by clicking the arrows at the side of the page, or by using the toolbar.
by clicking anywhere on the page.
by dragging the page around when zoomed in.
by clicking anywhere on the page when zoomed in.
web sites or send emails by clicking on hyperlinks.
Email this page to a friend
Search this issue
Index - jump to page or section
Archive - view past issues
Inside Teaching : April 2011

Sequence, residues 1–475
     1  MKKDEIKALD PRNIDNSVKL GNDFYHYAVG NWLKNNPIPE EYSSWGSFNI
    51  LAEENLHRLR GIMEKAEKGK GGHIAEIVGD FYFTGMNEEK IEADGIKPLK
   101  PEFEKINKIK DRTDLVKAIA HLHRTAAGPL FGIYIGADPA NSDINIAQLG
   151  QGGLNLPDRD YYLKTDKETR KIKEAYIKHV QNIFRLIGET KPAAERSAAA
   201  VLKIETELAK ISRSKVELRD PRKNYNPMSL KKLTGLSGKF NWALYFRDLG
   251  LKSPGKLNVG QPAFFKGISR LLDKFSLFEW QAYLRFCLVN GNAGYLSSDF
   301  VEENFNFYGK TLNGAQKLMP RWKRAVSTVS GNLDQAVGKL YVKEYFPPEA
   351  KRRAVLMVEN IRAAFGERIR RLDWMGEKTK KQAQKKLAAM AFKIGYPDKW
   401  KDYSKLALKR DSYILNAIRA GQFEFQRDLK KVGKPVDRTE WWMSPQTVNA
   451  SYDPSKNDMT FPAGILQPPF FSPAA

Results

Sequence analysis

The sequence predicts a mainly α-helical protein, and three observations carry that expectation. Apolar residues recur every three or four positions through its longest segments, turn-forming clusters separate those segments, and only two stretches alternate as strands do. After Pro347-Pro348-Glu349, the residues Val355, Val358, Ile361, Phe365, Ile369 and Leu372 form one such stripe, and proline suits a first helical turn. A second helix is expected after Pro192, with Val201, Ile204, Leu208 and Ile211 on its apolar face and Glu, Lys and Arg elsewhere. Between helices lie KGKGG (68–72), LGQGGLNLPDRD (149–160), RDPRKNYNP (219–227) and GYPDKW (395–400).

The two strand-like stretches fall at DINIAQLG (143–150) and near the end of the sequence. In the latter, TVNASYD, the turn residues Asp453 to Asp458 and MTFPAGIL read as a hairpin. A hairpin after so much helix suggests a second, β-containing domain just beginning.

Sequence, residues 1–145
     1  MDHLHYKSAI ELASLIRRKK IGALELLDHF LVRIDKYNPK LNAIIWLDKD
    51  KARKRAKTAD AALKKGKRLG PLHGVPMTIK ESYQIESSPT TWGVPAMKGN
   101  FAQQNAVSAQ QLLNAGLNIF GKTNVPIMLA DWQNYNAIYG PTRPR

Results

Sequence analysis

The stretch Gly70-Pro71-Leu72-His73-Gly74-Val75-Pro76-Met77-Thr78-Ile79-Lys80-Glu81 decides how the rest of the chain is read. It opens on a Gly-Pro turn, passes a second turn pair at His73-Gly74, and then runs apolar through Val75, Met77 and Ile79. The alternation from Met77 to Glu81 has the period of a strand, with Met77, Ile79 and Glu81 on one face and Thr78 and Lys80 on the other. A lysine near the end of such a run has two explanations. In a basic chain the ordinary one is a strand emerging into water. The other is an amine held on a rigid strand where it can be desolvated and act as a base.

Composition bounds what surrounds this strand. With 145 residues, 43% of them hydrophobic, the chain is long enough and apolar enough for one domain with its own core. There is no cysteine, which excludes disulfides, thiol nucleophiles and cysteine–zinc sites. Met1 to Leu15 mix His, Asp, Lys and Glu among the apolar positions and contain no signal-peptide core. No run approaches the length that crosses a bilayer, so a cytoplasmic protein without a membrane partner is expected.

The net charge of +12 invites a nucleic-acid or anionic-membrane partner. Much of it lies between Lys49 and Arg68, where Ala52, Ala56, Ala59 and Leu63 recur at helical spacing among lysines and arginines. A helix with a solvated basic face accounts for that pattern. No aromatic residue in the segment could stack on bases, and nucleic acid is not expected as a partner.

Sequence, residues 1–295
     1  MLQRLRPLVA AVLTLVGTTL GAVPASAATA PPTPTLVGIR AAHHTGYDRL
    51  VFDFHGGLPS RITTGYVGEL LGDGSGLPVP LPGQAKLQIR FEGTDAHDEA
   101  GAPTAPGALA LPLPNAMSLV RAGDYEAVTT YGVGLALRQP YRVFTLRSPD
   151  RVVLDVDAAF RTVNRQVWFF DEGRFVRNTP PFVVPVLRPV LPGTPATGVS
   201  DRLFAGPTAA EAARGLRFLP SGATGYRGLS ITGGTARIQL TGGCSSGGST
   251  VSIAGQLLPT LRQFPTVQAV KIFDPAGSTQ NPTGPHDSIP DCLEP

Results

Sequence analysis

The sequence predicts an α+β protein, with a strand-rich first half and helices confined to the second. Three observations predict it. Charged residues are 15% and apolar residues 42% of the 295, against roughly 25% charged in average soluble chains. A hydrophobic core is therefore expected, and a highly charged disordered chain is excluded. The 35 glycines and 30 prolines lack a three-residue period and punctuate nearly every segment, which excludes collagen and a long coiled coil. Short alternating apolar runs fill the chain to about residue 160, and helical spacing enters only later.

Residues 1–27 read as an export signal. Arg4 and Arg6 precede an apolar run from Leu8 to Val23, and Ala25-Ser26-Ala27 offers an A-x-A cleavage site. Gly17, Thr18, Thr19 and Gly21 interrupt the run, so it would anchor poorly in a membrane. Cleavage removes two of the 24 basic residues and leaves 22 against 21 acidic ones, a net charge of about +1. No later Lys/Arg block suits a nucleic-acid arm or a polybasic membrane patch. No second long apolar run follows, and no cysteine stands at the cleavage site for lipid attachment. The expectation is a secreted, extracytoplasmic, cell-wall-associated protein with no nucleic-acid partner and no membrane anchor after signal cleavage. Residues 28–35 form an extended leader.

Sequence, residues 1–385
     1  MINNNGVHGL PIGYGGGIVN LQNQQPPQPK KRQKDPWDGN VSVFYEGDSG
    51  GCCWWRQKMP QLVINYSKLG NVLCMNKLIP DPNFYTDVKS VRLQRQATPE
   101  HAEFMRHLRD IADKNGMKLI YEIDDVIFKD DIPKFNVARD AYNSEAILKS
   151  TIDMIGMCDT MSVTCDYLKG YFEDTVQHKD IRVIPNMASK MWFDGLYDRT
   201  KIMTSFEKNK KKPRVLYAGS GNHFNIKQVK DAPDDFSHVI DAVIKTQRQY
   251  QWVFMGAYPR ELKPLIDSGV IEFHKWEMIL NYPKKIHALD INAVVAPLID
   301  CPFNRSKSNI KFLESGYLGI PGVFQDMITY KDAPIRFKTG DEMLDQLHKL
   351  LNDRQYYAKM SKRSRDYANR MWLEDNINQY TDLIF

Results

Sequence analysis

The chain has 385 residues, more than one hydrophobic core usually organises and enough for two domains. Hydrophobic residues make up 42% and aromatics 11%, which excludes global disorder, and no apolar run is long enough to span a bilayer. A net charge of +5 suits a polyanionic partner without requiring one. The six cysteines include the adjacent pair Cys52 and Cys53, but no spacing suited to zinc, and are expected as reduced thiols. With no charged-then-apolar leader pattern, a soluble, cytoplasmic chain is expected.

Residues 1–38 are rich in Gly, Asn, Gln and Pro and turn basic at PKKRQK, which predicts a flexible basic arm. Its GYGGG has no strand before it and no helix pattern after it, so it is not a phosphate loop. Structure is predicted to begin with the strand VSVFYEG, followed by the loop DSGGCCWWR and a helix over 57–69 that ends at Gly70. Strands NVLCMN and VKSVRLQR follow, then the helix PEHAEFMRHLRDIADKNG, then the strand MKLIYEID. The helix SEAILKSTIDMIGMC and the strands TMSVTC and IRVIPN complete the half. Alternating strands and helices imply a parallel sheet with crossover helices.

inside teaching | April 2011 PROFESSION 16 • altered relationship practices, and • new enabling structures. The PiTE program is aiming to deliver all three benefits but from the beginning has privileged the first, on the premise that we’re all learning how to enhance teacher education and teach about teaching. The interweaving layers of learning include the pre-service teachers, their mentors and colleague teachers, university mentors and DoE staff where all are encouraged to learn from and with each other. Selecting pre-service students Pre-service teachers are selected for PiTE towards the end of the first year of their two-year Master of Teaching course. As James Cooper and Amy Alvarado make clear in their 2006 article, ‘Preparation, recruitment, and retention of teachers,’ research shows that a high standard of entry is critical to effective teacher preparation programs. The PiTE selection process involves a written application, referee reports on applicants’ aptitude for teaching, academic records and an interview, with further reference to DoE recruitment priorities. The interview is particularly concerned to establish that applicants are well placed to grow as resilient teachers in low-SES and hard-to-staff school environments. Incentives There are various incentives for pre-service teachers to gain PiTE scholarships, including: • permanency – pre-service teachers who complete the scholarship program and the Master of Teaching are offered a permanent position with the DoE, subject to scholarship terms and conditions • a $6,000 scholarship allowance • opportunities provided by the Teachers Registration Board of Tasmania for limited-authority- to-teach registration at the end of their scholarship year • a fully maintained laptop and full access to the DoE network, and • an $8,000 contribution to Higher Education Loan Program (HELP) costs, being a contribution towards the Master of Teaching component of scholarship holders’ HELP debt paid in three instalments while they remain as a teacher within the DoE. Benefits PiTE pre-service teachers are placed in low-SES schools in teams of three to five designed to encourage a learning team structure. They have more time in schools than their Master of Teaching peers, with mentoring from experienced mentor teachers. That additional time includes: WE WANTED OUR PiTE PRE-SERVICE TEACHERS AND MENTOR TEACHERS TO FOCUS THEIR SHARED LEARNING ON HOW TO MAKE THE WORK OF TEACHING VISIBLE AND UNCOVER THE FACTORS UNDERLYING CLASSROOM PRACTICES.